It was the fight that propelled Teofimo Lopez into the big time, and it was one he was supposed to lose, according to the sportsbooks, anyway. However, the Brooklyn native paid no heed to the naysayers and produced a pretty flawless performance to outpoint Vasiliy Lomachenko – the IBF, WBA, and WBO lightweight champion who, until then, had racked up a six-year winning streak.
It’s customary, of course, for a new champion to hand their vanquished opponent a rematch, but Lopez is having none of it. Instead, he’s preparing for an October 4th bout with mandatory challenger George Kambosos Jr, and that’s a fight in which Lopez is a comfortable -1000 favorite for, according to the betting on boxing odds.
Kambosos Jr is certainly an underdog in this situation and has already been disregarded by most boxing betting tips columns on account of the fact that he’s struggled to put foes away cleanly. Additionally, since leaving his native Australia behind and trying his luck in the Western hemisphere, just two of his five wins have been via KO.
Of course, Lopez, also known as the New Yorker, may be forced to take on Lomachenko for a second time by the authorities, particularly as the Ukrainian has since bounced back with a victory over the highly-rated Masayoshi Nakatani. But as long as he’s in control, Lopez has no plans for a rematch.
The 24-year-old has claimed that Lomachenko is trying to resurrect his career by fighting his leftovers, and declared that fans hoping for a second contest between the pair would be left disappointed. “There will be no rematch. Had I lost, they would have never given me the opportunity, so I’m not doing it,” Lopez said.
Instead, he’s turning his attention to broadening his horizons, and should he fulfill his plan of beating Kambosos Jr, he’ll look to organize a huge fight against the undisputed super-lightweight king Josh Taylor.
Nonetheless, fight fans will be hoping that a unification bout with Devin Haney or a mouthwatering clash with Gervonta ‘Tank’ Davis, who weighs in at 130lb, can be booked in at Madison Square Garden.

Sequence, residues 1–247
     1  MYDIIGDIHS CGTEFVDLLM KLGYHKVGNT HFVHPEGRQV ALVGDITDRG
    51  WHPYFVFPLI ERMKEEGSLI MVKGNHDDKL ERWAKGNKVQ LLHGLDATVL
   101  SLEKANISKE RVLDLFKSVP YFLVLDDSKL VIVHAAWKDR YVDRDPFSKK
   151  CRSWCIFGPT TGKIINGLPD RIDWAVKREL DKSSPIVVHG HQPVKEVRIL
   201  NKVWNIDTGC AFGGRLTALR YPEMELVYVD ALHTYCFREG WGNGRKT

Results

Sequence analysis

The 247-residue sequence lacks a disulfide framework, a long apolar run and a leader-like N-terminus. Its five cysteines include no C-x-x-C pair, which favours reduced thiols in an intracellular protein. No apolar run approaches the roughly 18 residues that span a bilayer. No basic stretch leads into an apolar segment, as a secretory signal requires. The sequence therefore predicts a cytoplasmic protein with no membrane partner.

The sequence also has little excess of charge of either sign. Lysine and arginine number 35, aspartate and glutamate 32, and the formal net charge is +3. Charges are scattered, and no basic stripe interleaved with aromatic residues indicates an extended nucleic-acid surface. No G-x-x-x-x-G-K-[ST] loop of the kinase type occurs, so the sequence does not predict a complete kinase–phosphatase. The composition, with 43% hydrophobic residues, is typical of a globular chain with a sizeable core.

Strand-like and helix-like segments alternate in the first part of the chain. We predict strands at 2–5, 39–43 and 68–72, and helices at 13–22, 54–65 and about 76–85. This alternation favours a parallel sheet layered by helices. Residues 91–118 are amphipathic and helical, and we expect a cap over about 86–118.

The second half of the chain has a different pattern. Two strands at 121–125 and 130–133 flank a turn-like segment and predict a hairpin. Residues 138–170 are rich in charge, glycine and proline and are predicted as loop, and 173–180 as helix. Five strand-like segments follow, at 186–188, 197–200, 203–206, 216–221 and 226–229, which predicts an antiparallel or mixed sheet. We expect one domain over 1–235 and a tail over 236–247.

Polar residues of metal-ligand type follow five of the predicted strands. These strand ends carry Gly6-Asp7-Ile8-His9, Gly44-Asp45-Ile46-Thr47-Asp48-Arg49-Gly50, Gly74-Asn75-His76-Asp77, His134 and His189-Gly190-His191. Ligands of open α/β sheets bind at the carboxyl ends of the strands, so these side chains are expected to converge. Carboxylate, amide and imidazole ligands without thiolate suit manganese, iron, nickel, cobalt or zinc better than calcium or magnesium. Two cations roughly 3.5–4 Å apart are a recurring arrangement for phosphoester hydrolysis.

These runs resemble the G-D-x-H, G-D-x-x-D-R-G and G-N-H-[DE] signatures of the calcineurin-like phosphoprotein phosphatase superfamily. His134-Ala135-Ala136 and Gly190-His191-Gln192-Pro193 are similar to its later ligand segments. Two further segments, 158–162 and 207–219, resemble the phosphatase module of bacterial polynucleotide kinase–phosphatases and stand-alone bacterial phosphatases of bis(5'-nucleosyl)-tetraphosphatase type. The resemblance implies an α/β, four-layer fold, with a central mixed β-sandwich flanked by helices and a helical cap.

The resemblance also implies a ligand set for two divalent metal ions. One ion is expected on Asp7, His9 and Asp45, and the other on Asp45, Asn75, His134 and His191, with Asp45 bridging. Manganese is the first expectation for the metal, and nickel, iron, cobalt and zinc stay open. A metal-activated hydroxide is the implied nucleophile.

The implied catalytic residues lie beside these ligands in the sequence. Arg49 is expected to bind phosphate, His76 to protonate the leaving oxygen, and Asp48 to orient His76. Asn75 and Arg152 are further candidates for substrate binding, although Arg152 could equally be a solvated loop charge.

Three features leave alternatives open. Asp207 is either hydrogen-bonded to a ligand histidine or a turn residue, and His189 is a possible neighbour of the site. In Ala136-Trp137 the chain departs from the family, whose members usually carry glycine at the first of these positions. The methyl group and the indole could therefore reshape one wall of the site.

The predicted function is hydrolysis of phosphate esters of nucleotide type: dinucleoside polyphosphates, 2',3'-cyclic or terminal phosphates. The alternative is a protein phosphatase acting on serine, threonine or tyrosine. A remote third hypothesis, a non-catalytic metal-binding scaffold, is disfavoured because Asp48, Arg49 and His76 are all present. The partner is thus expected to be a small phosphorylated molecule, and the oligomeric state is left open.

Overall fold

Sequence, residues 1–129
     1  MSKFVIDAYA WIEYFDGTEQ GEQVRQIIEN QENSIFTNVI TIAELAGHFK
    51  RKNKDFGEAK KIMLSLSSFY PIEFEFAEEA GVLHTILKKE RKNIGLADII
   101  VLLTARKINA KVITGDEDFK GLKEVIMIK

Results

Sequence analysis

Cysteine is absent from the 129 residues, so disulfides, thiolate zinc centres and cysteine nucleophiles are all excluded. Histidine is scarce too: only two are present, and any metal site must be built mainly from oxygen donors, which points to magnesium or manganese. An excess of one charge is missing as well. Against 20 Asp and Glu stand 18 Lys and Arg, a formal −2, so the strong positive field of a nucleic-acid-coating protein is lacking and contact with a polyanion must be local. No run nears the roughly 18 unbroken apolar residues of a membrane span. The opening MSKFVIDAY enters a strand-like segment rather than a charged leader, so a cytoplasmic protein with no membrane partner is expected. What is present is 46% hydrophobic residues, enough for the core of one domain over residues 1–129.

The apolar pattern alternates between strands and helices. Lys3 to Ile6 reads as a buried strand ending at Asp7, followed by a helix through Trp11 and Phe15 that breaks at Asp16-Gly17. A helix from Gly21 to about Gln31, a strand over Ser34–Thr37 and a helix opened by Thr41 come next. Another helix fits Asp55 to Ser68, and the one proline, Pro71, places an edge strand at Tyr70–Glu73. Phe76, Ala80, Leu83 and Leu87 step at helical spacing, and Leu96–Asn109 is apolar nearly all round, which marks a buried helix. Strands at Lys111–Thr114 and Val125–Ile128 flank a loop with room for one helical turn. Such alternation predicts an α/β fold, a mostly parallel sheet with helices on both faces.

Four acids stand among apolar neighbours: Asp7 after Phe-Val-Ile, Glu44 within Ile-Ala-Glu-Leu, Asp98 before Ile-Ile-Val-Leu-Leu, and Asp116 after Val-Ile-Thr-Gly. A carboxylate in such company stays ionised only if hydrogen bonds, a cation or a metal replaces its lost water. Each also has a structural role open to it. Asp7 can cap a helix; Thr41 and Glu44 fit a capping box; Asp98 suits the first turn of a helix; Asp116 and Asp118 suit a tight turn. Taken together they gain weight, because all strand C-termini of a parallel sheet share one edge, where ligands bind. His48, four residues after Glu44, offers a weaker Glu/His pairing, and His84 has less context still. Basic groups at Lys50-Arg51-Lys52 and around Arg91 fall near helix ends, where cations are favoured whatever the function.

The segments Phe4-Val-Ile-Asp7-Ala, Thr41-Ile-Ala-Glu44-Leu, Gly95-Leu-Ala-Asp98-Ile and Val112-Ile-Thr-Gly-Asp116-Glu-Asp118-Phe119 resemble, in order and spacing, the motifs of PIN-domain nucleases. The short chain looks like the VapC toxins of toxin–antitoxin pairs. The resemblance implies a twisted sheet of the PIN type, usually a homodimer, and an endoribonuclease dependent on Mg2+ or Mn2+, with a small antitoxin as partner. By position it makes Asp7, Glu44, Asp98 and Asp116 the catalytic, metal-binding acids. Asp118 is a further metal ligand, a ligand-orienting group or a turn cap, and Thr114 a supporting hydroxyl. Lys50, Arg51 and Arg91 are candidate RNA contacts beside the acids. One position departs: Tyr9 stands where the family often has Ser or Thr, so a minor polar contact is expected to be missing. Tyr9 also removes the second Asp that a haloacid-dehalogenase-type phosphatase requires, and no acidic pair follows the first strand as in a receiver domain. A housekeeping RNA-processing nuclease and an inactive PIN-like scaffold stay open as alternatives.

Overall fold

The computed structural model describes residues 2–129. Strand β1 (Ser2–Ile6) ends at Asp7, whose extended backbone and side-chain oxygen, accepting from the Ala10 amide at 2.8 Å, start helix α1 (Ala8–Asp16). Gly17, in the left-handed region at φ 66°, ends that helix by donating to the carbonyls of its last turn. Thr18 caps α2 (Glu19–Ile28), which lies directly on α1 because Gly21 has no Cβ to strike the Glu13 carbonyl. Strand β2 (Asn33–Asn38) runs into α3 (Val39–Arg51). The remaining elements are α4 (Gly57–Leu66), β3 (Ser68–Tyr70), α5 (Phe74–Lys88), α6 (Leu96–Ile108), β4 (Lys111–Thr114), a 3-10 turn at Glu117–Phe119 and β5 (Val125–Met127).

Of course, any talks of the future are somewhat disrespectful to Kambosos Jr, who’s forced his way into the title picture on the back of 19 straight victories. The Australian has beaten fighters with some pedigree too, with Mickey Bey, the former IBF lightweight champion, and Lee Selby, once the IBF super-featherweight strap holder, both usurped via split decision.
The general consensus is that Kambosos Jr will find himself completely outclassed by Lopez, who surprised everyone apart from himself with the wide margin of his victory over Lomachenko, a fighter considered by many to be the best pound-for-pound pugilist on the planet.
Another classy showing from Lopez at the Hulu Theater on October 4th will secure his status as one of the most exciting up-and-coming fighters around, and he won’t be short of options thereafter. If he can repair his damaged relationship with Top Rank and Bob Arum, he may well find himself assigned to a fight in the UK next, where the promoter is looking to build his brand.
Should this UK fight materialize, it would create the possibility of an eagerly-anticipated clash between Lopez and Taylor, which would be one for the ages.